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Austin Heath '15
Grasping Infinity

Studying the concept of infinity can be a daunting task, particularly because it requires approaching the idea from different perspectives. This summer Austin Heath ’15 is taking on that challenge by studying perceptions of infinity within three distinct fields. In his Emerson Foundation project, “Grasping Infinity: Philosophical, Mathematical, and Spiritual Conceptions of Boundlessness,” he is working with advisor John Stewart Kennedy Professor of Philosophy Richard Werner to trace the development of human analysis of infinity.  More ...

Krista Hesdorfer '14
The State of Civic Education

Civic engagement is essential to a community’s well-being and can be defined, in part, by citizen participation in after school programs, volunteer opportunities and political causes.  However, the availability of these opportunities differs between high- and low- income areas.  Krista Hesdorfer ’14 is examining the correlation between civic learning and the growing income-based achievement gaps in the U. S. with Director of the Education Studies Program Susan Mason.  More ...

Crystal Kim '15
Crystal Kim ’15 Examines Korean Fever for Education

Crystal Kim ’15 grew up in America with South Korean parents, and she was often struck by the difference between her American education and her Korean upbringing. Upon realizing that education is a central part of Korean culture, she decided that she needed to gain a better understanding of Korea and of her own heritage. She is taking advantage of the summer to do just that with an Emerson Foundation grant working with Director of the Education Studies Program Susan Mason.  More ...

Student researchers in the lab.
Got Calcium?

“Got milk?” For a group of Hamilton student researchers, the well-known slogan might be modified to “Got calcium?” The most abundant metal in our bodies and a valuable component of milk, calcium serves functions well beyond building strong teeth and bones. Hamilton research students, working with Douglas Weldon, the Stone Professor of Psychology, are examining how our mental processes depend on calcium.  The compound performs lesser known, but essential, roles in blood clotting, chemical signaling and action potential firing.  More ...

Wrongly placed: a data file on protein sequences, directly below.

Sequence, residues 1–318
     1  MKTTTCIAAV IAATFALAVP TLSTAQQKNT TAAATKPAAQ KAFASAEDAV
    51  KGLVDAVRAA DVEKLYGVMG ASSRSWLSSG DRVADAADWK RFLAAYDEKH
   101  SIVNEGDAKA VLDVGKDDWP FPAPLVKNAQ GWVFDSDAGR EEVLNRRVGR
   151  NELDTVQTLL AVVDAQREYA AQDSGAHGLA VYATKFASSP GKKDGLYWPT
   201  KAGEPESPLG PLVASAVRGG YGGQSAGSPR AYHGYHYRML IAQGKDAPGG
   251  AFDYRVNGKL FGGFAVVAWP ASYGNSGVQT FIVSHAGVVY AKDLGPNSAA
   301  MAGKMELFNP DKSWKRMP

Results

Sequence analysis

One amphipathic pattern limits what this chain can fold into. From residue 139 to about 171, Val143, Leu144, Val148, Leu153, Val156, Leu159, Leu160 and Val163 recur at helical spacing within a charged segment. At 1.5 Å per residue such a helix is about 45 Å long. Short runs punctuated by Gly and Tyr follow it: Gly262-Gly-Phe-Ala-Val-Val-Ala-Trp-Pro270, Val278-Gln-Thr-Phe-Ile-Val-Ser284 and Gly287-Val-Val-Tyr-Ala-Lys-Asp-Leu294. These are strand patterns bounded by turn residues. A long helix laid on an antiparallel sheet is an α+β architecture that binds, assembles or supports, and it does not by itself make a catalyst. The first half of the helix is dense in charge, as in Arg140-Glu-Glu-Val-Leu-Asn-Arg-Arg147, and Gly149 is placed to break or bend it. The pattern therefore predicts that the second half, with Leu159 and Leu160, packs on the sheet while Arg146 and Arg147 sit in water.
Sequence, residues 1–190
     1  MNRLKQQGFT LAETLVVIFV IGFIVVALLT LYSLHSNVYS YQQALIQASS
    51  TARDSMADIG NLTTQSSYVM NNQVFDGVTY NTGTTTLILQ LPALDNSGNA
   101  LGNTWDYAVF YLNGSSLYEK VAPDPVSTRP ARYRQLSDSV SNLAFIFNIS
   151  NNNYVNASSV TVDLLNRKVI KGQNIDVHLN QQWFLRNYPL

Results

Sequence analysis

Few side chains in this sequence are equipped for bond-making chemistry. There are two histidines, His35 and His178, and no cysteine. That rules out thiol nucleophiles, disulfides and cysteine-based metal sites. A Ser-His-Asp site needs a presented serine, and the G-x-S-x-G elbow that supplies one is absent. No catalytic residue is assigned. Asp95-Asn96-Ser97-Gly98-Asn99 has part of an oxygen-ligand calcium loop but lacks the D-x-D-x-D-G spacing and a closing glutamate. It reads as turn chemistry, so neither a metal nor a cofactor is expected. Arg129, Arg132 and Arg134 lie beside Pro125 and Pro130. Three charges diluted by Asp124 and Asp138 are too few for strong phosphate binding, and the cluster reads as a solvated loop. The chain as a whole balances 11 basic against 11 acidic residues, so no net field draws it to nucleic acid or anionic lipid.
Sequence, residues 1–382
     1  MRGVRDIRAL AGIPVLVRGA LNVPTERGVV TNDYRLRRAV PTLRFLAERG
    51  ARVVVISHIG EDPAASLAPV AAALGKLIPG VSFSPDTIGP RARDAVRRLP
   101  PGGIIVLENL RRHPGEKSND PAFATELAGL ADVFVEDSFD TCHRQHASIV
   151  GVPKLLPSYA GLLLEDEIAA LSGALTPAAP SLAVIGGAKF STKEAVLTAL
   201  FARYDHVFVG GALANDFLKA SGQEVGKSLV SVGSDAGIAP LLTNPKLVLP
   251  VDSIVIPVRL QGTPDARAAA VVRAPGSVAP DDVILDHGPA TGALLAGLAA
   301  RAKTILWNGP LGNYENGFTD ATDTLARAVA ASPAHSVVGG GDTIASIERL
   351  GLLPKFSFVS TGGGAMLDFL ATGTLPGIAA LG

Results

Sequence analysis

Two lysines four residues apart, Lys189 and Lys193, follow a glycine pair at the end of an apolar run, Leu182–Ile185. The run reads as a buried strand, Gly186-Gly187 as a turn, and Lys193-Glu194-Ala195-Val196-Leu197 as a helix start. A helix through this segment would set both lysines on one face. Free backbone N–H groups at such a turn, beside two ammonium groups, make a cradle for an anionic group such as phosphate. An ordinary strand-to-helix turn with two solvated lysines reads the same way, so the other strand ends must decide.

Deanna Perez '14
The Art of the Book

When Deanna Perez ’14 looks at a bookshelf, she doesn’t just see a row of book spines. Instead, she sees unwinding possibilities that can be unlocked both through reading and through art. “There’s endless potential in what could be between the leaves of a binding,” she remarked. In her Emerson Foundation project, “The Life of a Book: From the Bindery to the Pedestal,” she is crafting sculptures out of books to explore their narratives and to examine the balance between destroying books and giving them a new life through art.  More ...

Deanna Nappi '15
Nappi ’15 Awarded NSF Antarctica Service Medal

Deanna Nappi ’15 was awarded the Antarctica Service Medal by the National Science Foundation. Nappi served aboard the L.M. Gould in October 2012 during a challenging expedition to the Antarctic Peninsula.  More ...

Elizabeth Buchanan '15, Katherine Delesalle '14, and Allison Schuette '16.
Utica's Roosevelt School is Inspiration for Theatre Project

Utica's Theodore Roosevelt Elementary School, now with a crumbling brick exterior and overgrown foliage, stands in stark contrast to the educational institution it once was.  In their Levitt Group project titled “BRICKS: An Intersection of Architecture and Community,” three students are investigating the relationship between the city’s physical identity and its surrounding community.  More ...

Tshering Sherpa ’16 and Elisabeth MacColl ’16 at the FASEB Conference
Students Present at FASEB Conference

Elisabeth MacColl ’16 and Tshering Sherpa ’16, along with Associate Professor of Biology Wei-Jen Chang, presented a talk and poster at the Federation of American Societies for Experimental Biology (FASEB) Ciliate Molecular Biology Conference held July 7-13 in Steamboat Springs, Colo.  More ...

Anderson Tuggle '14
New York Times Publishes Tuggle ’14 Letter

Studying in India for the fall 2012 semester, Anderson Tuggle ’14 couldn’t have anticipated that the research in which he was engaged would have such relevance months later. Tuggle, who studied India’s Mid-day Meal program and the role of parents, teachers, and local institutions in providing meals, referenced this research in a New York Times letter to the editor.  Published on July 20, the letter was in response to the reported deaths of 22 children in India after they ate contaminated lunches.  More ...

Ru Jun Han '14
Understanding the Impact of Automated Trade Algorithms

The economic crisis that began in 2007 triggered a sense of financial insecurity among big and small institutions as well as individual investors.  The housing bubble, subprime lending and deregulation were all thought to contribute to market instability.  Ru Jun Han ’14 believes another, more technological, component was also responsible.  More ...

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